'72 Engine Problems

In the quest for more power and quicker times, I bought (in early 2000) a new cam, carb, converter (used), and main studs (to help the motor withstand 6500 rpm shifts).

The Damage:
When I tore my engine down to install the cam, main studs, etc., I decided as long as I was that far into it, I should check my main bearings (since the main bolts were off anyway). The bearings were horrible. The outer two (#1 and #5) were tolerable, but the middle three were worn down to the copper layer after only 17,000 miles.
Here's one of the mains:

You can see where it's worn to the copper, right? Two others were just as bad. I had no idea what to do. I figured I needed to replace the bearings, and to do that, the crank needed to come out, and to do that, the rods and pistons needed to come out! What a drag. So I look at the rod bearings and #1-#4 are poor, but not horrible, but #5-#8 are really bad!

The Cause:
Soooo, what could be the problem? I asked around and got several theories.

The Solution:
I had a spare crank, so I brought that and my block into the machine shop to eliminate as many of these possiblities as I could.

They turned the crank (eliminating a bent/warped crank as a possible cause of future problems).

They decked the block (giving a higher compression ratio but also better quench, and hopefully better combustion).

They align-honed the mains ensuring the crank would stay put.

I also purchased a 7-quart Moroso oil pan, pump pickup, scraper, windage tray, pan baffle, Melling M55A oil pump, and an oil temp gauge, so that should eliminate any worries about the oiling system.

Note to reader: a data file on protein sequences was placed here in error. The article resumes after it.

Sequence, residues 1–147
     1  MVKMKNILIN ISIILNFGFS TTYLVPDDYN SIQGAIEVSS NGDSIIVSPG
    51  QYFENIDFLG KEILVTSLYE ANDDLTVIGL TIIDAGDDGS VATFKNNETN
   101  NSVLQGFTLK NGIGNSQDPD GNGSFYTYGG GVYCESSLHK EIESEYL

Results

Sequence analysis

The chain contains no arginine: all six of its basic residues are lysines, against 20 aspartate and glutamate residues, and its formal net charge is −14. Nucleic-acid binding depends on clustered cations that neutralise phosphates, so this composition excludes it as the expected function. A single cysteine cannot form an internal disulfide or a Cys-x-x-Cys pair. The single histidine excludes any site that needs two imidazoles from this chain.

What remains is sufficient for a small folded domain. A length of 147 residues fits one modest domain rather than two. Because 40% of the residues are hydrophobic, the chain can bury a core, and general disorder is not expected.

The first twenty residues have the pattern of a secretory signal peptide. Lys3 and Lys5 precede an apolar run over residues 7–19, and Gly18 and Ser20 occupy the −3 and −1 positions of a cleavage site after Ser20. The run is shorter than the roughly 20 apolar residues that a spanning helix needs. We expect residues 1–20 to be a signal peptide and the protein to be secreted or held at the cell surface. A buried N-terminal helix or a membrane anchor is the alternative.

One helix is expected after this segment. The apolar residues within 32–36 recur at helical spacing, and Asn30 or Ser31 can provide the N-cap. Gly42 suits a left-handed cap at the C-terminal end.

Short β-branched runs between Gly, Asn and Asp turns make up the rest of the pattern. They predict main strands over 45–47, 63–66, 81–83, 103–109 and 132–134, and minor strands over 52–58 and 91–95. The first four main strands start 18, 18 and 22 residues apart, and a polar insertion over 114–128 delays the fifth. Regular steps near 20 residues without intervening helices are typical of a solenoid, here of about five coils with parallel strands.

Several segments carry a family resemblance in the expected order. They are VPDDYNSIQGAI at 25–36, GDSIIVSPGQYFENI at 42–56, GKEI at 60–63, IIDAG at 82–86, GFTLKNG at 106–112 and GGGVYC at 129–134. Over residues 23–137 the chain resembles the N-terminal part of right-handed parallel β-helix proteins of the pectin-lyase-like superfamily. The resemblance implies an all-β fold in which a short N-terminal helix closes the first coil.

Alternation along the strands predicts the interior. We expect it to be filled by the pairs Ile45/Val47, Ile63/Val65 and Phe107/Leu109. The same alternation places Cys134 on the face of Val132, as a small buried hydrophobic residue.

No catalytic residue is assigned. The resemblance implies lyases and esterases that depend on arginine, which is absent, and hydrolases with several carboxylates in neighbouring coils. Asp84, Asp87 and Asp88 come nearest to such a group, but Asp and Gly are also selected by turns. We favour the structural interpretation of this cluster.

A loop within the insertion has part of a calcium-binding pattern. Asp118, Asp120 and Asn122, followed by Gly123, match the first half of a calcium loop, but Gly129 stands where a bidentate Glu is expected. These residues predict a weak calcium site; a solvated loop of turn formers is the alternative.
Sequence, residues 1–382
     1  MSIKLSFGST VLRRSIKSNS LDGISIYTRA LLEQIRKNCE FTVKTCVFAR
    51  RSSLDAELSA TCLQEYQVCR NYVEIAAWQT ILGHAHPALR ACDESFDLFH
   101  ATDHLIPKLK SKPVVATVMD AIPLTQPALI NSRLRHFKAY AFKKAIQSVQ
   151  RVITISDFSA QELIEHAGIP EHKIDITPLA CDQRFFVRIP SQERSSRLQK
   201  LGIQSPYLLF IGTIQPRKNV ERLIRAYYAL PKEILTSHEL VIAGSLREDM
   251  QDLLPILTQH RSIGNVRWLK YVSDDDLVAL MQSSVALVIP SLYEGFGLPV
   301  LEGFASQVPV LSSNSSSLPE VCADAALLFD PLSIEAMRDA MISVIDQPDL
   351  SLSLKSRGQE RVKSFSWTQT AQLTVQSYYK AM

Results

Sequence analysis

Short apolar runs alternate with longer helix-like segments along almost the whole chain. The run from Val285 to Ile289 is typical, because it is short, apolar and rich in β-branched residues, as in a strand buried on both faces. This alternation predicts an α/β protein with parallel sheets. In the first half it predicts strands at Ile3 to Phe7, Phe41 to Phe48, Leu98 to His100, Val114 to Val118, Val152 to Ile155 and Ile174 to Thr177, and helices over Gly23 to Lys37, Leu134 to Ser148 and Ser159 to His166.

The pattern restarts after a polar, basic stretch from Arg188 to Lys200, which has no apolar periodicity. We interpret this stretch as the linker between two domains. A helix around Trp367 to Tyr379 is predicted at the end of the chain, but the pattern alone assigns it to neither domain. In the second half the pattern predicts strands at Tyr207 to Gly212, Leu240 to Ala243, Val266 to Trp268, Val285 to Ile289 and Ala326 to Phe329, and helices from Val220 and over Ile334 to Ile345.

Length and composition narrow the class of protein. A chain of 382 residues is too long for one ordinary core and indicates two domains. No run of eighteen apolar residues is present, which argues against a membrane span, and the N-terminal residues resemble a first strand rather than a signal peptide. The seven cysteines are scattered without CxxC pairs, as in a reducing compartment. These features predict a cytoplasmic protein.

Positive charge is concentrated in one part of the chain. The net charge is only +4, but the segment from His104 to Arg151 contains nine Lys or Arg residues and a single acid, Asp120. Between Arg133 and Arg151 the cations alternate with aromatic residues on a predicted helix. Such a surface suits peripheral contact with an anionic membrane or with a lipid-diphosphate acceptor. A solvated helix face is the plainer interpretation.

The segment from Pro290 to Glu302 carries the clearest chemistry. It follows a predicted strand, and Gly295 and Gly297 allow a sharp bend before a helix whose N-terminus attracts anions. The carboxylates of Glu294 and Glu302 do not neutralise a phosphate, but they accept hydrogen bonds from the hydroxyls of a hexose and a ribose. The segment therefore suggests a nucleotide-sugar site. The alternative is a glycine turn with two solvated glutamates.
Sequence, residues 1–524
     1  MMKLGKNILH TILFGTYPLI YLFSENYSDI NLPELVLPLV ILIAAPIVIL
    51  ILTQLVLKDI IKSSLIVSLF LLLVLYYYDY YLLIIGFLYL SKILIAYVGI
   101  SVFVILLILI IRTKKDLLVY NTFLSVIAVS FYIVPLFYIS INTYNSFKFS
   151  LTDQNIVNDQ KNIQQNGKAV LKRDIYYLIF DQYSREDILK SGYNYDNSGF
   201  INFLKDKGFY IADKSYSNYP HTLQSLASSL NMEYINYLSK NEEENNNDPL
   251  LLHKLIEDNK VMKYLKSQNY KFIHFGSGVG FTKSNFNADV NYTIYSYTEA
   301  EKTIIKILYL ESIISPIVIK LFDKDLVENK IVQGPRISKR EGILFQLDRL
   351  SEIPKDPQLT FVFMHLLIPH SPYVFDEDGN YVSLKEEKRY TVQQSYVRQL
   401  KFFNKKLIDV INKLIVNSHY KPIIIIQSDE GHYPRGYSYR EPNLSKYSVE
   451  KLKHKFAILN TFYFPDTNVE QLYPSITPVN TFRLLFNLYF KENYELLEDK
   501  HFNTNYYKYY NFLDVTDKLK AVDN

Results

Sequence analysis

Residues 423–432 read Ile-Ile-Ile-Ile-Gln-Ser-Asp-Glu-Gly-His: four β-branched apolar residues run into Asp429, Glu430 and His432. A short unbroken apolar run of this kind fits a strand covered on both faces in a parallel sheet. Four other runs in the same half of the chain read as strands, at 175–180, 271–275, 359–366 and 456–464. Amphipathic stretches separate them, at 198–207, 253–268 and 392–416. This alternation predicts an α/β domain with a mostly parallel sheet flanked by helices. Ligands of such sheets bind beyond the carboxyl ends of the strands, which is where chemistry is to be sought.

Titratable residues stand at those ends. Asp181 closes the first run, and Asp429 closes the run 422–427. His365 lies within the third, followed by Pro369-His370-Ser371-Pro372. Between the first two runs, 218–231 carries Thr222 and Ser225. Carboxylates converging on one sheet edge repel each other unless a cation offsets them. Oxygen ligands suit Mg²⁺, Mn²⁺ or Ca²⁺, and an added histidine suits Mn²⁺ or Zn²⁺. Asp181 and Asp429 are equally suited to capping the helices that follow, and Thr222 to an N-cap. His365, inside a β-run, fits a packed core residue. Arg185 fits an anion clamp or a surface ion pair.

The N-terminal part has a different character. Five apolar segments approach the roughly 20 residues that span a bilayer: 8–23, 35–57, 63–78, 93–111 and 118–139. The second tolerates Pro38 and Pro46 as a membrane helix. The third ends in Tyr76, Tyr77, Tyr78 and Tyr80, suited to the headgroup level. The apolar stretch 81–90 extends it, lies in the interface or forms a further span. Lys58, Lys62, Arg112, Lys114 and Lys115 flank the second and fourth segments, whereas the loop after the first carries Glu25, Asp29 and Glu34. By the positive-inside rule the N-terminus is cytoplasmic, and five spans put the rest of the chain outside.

I installed a bigger Comp XE274 cam, so that should bleed off a little cylinder pressure.

Also, as mentioned earlier, I'm putting oxygen sensors in my headers to monitor the air/fuel ratio as I drive.

The only unaddressed possible cause on my list is the balance of the rotating assembly, but since I only need this motor for 2-3 years and I really don't think that was the cause anyway (and it's expensive), I decided to skip the balancing this time.

Here are pics of the crank in the block and my new oil pan.

More Problems:
I found out my stock replacement harmonic balancer I had purchased 2 years earlier had cracked, so here's the 6-3/4" StreetDampr I got from Summit. Beautiful, ain't it? It was a shame to paint it. I wanted the 8" Fluidampr, but that was twice the price.

Finally:
Here's the motor on the stand:

Installation:
I finally got the motor installed on May 23rd, 2000, all hooked up on the 24th, and fired it up on the 25th for the cam break-in. We had a few minor problems, but eventually it all worked out. It ran great during the break-in, no leaks or anything, just burned lots of the POR-15 off the headers. No surprise. It's got a nice, lopey idle and will run at 700 rpm, lower than I thought. I love it!

Results:
The motor gave me 13.3s @ 103.2 mph in the quarter. I think it's strong enough for very low 13s but I need a looser converter, the Holeshot 2400 is just too tight to let me get into the powerband.

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Copyright 2009 Bruce Johnson and Craig Watson